Consider people’s fascination with the past. What is this fascination with history, legends, stories, things from the past, and things that remind us of the past? What makes certain pictures or special gifts we received once so important to us? Are we simply burdened with too much free time, or is there a sense of connection that gives our lives meaning? The past and things that tie us to it give us a sense of connection with those things, experiences, people that have gone before us. In order for us to know our place in the universe, we must realize where we stand in relation to all things around us; this is the power of relation. Our connection with the past gives us a sense of continuity, a sense that we are somehow part of the Greater Circle. It gives us a sense of place and a sense of direction. Our connection with the future also gives us a sense of direction and purpose on the path that we walk.” Dr. Michael T. Garrett, Walking on the Wind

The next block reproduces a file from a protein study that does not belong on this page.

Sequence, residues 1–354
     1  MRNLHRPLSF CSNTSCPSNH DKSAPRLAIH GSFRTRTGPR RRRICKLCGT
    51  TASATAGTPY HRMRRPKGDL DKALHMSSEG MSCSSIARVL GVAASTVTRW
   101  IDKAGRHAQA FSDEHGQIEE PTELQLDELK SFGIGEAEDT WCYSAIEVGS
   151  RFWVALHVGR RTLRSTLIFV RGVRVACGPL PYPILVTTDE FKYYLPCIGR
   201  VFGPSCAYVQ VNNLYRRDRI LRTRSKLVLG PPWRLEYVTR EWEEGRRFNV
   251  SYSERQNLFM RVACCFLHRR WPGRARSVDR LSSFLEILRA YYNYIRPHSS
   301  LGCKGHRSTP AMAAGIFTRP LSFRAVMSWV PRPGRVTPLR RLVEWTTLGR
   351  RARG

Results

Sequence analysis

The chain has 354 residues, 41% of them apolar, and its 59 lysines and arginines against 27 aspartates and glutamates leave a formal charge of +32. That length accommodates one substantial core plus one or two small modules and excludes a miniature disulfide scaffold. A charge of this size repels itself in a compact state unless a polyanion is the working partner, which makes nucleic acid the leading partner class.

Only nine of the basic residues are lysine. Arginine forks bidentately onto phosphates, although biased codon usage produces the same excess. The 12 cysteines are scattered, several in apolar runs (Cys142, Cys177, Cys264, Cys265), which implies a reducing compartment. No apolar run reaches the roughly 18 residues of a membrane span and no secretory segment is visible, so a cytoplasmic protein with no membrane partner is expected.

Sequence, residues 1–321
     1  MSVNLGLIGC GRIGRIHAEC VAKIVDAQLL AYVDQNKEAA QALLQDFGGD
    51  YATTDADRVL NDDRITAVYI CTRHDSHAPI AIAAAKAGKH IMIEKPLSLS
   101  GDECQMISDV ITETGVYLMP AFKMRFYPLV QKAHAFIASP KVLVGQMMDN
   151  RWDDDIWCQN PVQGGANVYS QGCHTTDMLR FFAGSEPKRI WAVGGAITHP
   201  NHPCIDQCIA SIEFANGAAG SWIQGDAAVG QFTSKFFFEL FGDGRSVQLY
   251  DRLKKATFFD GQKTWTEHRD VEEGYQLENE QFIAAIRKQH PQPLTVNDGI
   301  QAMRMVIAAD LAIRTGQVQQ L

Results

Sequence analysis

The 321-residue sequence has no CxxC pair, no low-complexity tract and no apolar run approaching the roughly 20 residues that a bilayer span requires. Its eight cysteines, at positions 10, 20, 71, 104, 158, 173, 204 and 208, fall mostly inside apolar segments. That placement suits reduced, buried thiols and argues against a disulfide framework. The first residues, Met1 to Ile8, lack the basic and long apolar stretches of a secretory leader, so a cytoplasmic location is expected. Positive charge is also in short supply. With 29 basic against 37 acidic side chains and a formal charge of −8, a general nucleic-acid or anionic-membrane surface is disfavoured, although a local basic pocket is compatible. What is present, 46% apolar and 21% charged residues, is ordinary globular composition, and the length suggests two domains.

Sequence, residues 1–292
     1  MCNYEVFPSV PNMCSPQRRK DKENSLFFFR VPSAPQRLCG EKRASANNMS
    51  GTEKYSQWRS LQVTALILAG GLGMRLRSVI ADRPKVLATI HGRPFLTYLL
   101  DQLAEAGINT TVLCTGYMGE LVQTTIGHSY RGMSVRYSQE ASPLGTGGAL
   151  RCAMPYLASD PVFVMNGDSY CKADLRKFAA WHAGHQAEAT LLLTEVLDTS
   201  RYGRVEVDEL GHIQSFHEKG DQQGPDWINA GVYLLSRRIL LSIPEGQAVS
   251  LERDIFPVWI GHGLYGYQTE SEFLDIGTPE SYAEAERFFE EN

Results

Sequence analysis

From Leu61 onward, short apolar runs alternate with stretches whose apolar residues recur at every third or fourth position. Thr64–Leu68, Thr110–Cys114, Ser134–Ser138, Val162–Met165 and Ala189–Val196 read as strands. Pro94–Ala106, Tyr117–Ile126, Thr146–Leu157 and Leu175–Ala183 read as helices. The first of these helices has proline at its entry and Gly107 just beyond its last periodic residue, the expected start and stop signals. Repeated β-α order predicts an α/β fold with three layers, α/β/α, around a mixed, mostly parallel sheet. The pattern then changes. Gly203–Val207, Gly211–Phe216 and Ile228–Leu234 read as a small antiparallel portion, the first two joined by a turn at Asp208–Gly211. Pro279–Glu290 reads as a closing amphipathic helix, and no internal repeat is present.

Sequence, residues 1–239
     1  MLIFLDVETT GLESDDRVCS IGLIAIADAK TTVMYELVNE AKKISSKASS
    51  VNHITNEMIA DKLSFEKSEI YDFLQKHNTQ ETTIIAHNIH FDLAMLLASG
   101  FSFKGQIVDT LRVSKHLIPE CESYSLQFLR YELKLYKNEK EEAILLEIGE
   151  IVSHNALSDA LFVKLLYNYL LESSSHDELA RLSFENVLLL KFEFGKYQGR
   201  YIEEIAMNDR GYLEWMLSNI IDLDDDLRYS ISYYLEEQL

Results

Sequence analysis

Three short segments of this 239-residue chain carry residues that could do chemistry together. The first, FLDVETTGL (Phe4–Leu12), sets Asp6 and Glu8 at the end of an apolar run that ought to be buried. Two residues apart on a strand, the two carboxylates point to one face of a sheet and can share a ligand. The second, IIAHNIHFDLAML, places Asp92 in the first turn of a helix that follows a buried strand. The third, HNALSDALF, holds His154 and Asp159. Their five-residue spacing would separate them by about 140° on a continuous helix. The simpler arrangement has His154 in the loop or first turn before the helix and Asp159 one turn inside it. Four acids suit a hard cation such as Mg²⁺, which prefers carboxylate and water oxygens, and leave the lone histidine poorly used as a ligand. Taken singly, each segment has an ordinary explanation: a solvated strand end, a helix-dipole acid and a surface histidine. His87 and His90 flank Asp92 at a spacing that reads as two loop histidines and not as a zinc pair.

I recall a snow storm in 1958 that kept us out of school for a week and my friend’s older brother carried my younger sister on his back down through the drifts to our house along the path. The snow was drifting nearly ten foot at the time and we made our way through nearly thirty inches of fresh snow. So many memories linked to a simple trail worn by countless footsteps of children and adults over the years. As I have grown older and now symbolically represent life as a pathway a journey I cannot help but recall so fondly that pathway in my childhood.